This is a good program for small-scale grants that operates with a minimum of red tape. For information on applying, see the LCF's website.
Thursday, October 20, 2005
The Blakemore Foundation offers grants for advanced (i.e., non-beginner) Asian language study to American citizens and permanent residents of the United States who have a college degree and plan to use an Asian language in their career. Grants can be made for one year (Freeman Fellowships) or for less than one year (refresher grants). For more information, see the Foundation's web site here. I am posting about these grants here because they are ideal for lawyers who already have some Chinese, but just need that little extra boost to get them to the level at which they can work comfortably in a Chinese-language environment, and that kind of candidate would be very competitive.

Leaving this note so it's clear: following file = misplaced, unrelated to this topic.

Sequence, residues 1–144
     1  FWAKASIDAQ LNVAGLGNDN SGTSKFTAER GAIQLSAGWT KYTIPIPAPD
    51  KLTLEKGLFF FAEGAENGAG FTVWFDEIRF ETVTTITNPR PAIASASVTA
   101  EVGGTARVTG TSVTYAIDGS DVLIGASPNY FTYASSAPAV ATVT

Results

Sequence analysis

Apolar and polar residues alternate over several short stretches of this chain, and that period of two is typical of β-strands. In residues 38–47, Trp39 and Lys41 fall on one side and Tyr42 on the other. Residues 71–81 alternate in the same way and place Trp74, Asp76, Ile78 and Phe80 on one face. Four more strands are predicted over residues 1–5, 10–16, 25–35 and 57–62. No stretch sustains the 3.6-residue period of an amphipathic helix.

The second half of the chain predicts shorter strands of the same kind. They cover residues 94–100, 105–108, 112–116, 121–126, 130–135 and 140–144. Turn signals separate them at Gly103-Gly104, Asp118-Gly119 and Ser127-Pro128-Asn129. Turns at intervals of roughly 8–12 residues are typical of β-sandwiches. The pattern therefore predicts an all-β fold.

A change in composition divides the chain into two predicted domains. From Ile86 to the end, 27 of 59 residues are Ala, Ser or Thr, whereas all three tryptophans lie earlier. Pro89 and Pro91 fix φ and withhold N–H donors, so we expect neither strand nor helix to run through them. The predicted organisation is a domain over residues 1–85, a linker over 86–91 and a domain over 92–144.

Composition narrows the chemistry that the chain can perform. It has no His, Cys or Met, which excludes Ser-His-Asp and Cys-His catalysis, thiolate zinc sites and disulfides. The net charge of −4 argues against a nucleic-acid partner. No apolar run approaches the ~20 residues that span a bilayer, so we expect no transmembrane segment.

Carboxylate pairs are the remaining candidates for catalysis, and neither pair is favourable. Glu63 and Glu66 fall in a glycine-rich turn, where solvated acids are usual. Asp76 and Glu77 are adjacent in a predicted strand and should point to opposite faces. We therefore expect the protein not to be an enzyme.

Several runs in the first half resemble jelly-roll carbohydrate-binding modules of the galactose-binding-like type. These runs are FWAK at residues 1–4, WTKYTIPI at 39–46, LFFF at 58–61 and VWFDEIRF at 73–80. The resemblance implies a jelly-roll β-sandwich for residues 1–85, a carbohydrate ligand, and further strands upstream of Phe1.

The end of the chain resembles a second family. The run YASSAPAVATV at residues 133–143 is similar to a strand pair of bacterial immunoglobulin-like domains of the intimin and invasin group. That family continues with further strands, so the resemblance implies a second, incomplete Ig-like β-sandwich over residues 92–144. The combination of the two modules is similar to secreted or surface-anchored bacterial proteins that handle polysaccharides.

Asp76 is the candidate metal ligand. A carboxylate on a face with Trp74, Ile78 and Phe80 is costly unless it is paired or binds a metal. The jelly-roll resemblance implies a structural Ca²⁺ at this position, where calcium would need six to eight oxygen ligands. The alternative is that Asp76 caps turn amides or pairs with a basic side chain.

Thursday, October 6, 2005
The National Bureau of Asian Research (NBR) is pleased to announce The Next Generation Leadership program, a new year-long fellowship for recent master's degree recipients that focuses on bridging the gap between scholarship and policymaking. The fellowship will be based at NBR's headquarters in Seattle. Fellows will collaborate with leading scholars to publish research and share their findings with the policymaking community in Washington, D.C.
The Next Generation Leadership program will break new ground by mentoring and immersing young Asia specialists from a wide variety of fields and interests in the skills and the practice of bridging the gap between scholarship and policy. Each fellow will receive a fellowship award, as well as travel and research-related expenses.
Application deadline is January 16, 2006. Fellowships begin June 5, 2006. For further information and application materials please visit http://www.nbr.org/NextGeneration
A full-text announcement is available at http://nbr.org/nextgeneration/announcement.pdf
Wednesday, September 21, 2005
I have received the following announcement: